Promoting women leaders through self-regulation is a strategic target of Finland Chamber of Commerce. Our goal is that the best persons are appointed to leadership positions of companies, regardless of their gender.
In order to make this goal reality we have created our award-winning Women Leaders Program and the Women Directors and Executives Report is a crucial element of the program. The report produces facts for public discussion and food for thought so that the discussion would be based on facts and not just feelings. This report is our fifth women executives study. Previous reports can be found here.
In the fifth report we observe continuing increase of women directors. We also discovered a new trend; in the younger age groups women’s share of executive positions is higher than in the older age groups. This gives hope that that the glass ceiling will crack in the near future.
The Finnish model of promoting women’s leadership through self-regulation without legislated quotas attracts international attention. Representatives of Finland Chamber of Commerce have given speeches and presentations on the subject at many international events on several continents.
In June 2015, Finland Chamber of Commerce won the first prize for its Women Leaders Program in the best corporate social responsibility project category at the World Chambers Competition in Torino.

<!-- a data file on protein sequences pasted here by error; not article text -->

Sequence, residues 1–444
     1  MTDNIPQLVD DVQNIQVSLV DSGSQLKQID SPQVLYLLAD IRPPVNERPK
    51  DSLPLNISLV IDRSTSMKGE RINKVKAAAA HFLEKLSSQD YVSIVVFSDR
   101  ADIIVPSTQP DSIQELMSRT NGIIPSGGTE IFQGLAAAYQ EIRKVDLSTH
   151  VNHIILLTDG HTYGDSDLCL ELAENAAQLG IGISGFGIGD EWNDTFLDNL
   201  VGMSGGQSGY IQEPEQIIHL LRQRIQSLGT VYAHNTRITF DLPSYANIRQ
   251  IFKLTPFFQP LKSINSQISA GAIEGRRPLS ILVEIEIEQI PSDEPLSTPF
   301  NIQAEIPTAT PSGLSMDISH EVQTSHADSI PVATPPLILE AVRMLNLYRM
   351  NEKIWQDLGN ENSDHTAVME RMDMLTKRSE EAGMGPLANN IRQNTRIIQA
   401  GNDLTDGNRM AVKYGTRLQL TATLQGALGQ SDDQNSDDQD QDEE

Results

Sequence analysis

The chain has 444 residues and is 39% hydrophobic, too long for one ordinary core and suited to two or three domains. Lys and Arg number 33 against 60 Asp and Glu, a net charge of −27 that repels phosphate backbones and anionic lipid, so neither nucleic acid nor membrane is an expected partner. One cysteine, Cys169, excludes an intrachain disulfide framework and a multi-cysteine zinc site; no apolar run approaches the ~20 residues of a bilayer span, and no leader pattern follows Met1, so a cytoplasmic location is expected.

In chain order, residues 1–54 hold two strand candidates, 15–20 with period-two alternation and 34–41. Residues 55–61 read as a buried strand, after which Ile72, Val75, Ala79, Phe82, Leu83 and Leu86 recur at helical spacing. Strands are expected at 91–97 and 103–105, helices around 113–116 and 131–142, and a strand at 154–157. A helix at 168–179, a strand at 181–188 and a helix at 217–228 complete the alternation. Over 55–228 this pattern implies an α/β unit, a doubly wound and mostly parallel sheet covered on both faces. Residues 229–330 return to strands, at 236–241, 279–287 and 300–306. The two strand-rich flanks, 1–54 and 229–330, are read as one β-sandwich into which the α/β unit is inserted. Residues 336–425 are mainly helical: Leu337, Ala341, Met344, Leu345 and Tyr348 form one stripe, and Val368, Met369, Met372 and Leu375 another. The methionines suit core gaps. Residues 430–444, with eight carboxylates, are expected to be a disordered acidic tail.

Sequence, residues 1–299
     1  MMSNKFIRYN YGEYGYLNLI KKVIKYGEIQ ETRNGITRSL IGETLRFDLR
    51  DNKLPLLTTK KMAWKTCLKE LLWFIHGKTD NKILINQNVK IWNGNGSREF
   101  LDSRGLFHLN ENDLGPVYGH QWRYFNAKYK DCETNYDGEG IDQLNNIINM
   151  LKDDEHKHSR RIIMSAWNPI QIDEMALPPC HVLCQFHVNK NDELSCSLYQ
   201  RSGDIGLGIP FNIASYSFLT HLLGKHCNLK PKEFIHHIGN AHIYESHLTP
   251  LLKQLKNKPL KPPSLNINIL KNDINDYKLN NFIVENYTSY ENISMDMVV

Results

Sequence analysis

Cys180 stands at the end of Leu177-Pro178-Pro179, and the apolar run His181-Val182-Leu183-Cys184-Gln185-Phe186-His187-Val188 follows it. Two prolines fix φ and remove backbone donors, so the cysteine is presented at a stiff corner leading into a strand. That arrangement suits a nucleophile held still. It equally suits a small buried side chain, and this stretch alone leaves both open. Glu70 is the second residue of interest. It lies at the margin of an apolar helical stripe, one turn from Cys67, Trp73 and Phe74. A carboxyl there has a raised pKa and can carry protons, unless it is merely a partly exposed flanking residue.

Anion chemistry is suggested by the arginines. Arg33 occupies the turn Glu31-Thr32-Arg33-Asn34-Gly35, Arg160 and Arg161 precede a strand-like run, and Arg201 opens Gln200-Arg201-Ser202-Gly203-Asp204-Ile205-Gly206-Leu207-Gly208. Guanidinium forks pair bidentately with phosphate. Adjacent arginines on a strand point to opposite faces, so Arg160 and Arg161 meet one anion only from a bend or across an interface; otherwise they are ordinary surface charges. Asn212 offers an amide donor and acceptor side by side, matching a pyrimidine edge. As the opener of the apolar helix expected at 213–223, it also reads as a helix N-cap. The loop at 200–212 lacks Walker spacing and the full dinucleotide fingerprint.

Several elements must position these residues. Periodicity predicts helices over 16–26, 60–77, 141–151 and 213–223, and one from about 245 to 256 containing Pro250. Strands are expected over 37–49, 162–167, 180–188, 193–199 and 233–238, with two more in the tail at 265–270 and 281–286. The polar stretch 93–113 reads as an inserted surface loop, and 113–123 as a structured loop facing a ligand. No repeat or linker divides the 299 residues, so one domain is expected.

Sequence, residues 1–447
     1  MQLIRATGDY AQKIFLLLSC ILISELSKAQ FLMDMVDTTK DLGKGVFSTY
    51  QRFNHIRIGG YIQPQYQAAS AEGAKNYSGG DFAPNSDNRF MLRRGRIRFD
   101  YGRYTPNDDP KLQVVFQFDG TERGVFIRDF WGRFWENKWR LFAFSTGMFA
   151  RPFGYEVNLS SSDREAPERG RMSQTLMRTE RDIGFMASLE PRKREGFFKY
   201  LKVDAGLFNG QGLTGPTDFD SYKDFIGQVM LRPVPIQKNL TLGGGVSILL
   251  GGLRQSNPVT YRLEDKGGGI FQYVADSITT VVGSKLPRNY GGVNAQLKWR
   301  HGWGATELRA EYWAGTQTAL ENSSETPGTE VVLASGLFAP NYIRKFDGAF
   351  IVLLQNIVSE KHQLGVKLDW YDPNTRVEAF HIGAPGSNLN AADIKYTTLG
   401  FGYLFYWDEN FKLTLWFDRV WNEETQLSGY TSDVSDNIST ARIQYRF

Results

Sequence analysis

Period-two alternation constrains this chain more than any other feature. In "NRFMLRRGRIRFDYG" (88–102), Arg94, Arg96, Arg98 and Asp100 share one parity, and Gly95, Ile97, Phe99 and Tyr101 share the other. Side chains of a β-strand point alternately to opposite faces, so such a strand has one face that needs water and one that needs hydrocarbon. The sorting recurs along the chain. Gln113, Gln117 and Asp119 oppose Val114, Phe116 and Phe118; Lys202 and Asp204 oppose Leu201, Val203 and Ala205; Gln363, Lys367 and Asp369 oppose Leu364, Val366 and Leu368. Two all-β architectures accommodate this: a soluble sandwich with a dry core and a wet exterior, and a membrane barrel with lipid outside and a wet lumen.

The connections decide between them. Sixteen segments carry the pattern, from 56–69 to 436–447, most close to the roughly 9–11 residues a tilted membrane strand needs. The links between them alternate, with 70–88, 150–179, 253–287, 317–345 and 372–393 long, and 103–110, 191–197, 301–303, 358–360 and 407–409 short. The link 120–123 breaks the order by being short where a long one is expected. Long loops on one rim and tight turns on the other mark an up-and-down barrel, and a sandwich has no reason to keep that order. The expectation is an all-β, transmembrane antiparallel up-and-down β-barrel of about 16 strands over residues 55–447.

In order to share our information and experiences we publish the reports in English in addition to the Finnish version.The findings of these reports have also inspired the Finland Chamber of Commerce to take further concrete measures to promote women’s leadership.
The report covers all companies with main listing in Helsinki Stock Exchange, 118 companies (27 large cap, 34 mid cap and 57 small cap). As for boards, the data for the report was gathered during the 2015 AGM seasons and covers 117 companies (27 large cap, 33 mid cap and 57 small cap). The companies are divided into three categories by their market capitalization: large-caps (over 1 billion Euros), mid-caps (150 million Euros to 1 billion Euros) and small-caps (under 150 million Euros).
Some ten years ago corporate boards of large companies were male-dominated. Since then the situation has changed considerably in Finland where both the corporate sector and government have contributed to a major increase in women’s participation on corporate boards. The number of women on Finnish listed companies’ boards is among the top EU countries and the world as well. This has been achieved without quota legislation.